LINCOLN – After 100 days in office, Town Administrator Phil Gould says he’s confident he’s gotten a good handle on many issues, including the upcoming budget process in which he said he hopes there is no need for a tax increase.

Gould told The Breeze this week he and other town leaders are highlighting a number of key items that are important to the future of the town, including infrastructure and equipment investments, a new litter ordinance, conversion of streetlights to LED, taking advantage of a new lateral transfer policy to attract new police officers, and addressing speeding and sidewalk safety, among others.

The town last week launched a new Facebook page to keep residents informed on day-to-day updates, and is also in the process of redoing its website, said Gould.

Town officials are meeting this week on a needs and wants list related to capital resolutions to possibly be ratified by the Budget Board at the upcoming Financial Town Meeting, said Gould.

One area of need is for new snowplows and other equipment, he said, as well as infrastructure upgrades to sewer, water, roads, sidewalks and paving, the last of which will likely fall under a new outside assessment program.

“There are a lot of things on the table and we need to start prioritizing and figuring out a plan of attack on what we can afford to do,” he said.

American Rescue Plan Act funds will help fill in for some lost revenue, he said, and the town will also be looking for latitude to target a range of infrastructure improvements. Another area of need is with sewer software, he said.

Gould said town officials will do “everything we can not to have a tax increase” in 2022, saying ARPA funds will help toward that goal. “We don’t anticipate a tax increase at all.”

He said he’s asked department heads to look again at ways to do things more efficiently and effectively, saying the “status quo is not the way to go all the time.” Within the past month, that work has included a control inventory on trucks and other equipment to create a fleet management program determining how old equipment is, what the town is spending on repairs, and identifying where preventative maintenance or replacements can be done. The town is currently spending a lot to keep certain pieces of its aging fleet of trucks on the road, he said, and some of those trucks are 20 years old.

Gould and others are also crafting a new litter ordinance updating some of the outdated aspects of the current ordinance. Changes would include sending those who dump mattresses or other trash to municipal court on civil violations instead of district court, where it’s a little harder to go after them.

“We’re going to be a little more aggressive in prosecuting and charging them for the mess they’re making of our town,” said Gould.

Lincoln’s dedicated volunteers continue going above and beyond to clean up, he said, as does the Department of Public Works, but it’s discouraging for them to have to see trash back in the same spots they cleaned up yesterday.

Also part of the new ordinance would be increased fines and possible community service for violators.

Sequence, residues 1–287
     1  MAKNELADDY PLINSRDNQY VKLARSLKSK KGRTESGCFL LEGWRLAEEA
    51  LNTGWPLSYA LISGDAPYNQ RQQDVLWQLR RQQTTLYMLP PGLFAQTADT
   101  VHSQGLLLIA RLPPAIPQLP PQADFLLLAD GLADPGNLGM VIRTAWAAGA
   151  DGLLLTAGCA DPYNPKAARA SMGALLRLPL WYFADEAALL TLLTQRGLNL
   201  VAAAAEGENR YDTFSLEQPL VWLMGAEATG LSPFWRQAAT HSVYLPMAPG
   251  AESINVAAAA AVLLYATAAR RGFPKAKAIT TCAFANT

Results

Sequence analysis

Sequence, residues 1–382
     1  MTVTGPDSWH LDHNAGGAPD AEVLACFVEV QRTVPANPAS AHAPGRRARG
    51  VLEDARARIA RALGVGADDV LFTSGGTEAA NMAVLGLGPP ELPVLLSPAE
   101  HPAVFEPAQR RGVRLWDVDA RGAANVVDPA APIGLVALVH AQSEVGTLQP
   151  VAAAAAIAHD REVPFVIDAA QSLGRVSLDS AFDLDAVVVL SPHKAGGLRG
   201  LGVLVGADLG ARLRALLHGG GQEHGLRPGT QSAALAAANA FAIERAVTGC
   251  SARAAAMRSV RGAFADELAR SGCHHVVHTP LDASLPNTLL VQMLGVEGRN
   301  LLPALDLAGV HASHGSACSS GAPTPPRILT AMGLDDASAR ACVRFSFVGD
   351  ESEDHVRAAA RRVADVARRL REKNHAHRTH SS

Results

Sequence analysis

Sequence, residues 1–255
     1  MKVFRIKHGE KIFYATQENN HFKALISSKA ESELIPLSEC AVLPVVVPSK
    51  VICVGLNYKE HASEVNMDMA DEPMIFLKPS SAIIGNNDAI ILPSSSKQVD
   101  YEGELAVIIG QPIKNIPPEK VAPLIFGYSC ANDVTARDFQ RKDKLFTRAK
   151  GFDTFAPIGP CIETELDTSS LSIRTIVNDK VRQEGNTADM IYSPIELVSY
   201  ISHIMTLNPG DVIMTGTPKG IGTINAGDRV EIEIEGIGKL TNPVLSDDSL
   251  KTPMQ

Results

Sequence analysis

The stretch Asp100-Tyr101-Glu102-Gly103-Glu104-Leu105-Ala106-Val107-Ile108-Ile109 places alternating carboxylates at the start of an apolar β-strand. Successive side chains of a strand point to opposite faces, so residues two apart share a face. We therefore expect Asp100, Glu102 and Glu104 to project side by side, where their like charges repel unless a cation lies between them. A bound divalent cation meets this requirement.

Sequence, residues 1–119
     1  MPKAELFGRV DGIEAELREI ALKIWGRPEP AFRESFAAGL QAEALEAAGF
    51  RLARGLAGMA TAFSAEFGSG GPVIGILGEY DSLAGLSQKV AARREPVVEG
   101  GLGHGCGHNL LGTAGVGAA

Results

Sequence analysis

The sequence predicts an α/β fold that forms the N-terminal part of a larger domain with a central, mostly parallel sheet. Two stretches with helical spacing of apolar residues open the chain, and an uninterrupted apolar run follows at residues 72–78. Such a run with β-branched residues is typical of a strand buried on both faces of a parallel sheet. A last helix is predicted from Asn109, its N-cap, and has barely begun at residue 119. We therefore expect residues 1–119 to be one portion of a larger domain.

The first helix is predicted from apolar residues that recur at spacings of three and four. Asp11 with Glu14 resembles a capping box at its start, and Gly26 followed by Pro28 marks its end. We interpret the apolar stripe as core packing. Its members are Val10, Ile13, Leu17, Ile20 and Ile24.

Working together with a great council and others, said Gould, he thinks the town can address many concerns from residents, including the ongoing effort to enhance signage and add attention-grabbing flashing lights at crosswalks. Speed enforcement is also a top priority heading into 2022, he said, and police will be more aggressive in cracking down on violators there as well.

Such an effort becomes difficult with only three or four officers on the road at a time, he said, which is why he worked hard to revise the lateral transfer policy to attract officers from other agencies. Seven officers down might not seem like a lot, he said, but it’s a big number when the entire Police Department only has 36 members.

Also helping to keep more officers on the road is the addition of per diem dispatchers, which will prevent having to put an officer on the desk when someone is out. The town was able to identify about a half-dozen people who had previous experience dispatching for police, said Gould, and when someone’s out, they get called in. Having these part-time dispatchers earning hourly wages with no benefits is a financial win, with less overtime paid out, and a better service to the community, he said, and it gives people who like the town and know the job a chance to earn a little money on the side.

The town will also look to secure its streetlights and transfer them to LED this year, said Gould, negotiating on a price that’s gone up over the past two years. Savings are expected to be close to $400,000, he noted.

Gould said being town administrator has been everything he expected and he’s appreciated the reception he’s received from residents, and he loves the change of pace of going to an Eagle Scout ceremony or lunch at the Senior Center. He said most residents have a very positive outlook on their community.

He said he’s had an easy learning curve as he’s benefited from knowing many town personnel before coming into office, and has been able to focus on priority items for the town instead of working long hours on a transition to new employees. Former Town Administrator Joe Almond did a great job, he said, and really had things running well when he departed, including an intact budget and projects already in process.

Gould said it’s been great to work with other officials, including members of the Town Council and Budget Board, for the betterment of the community.

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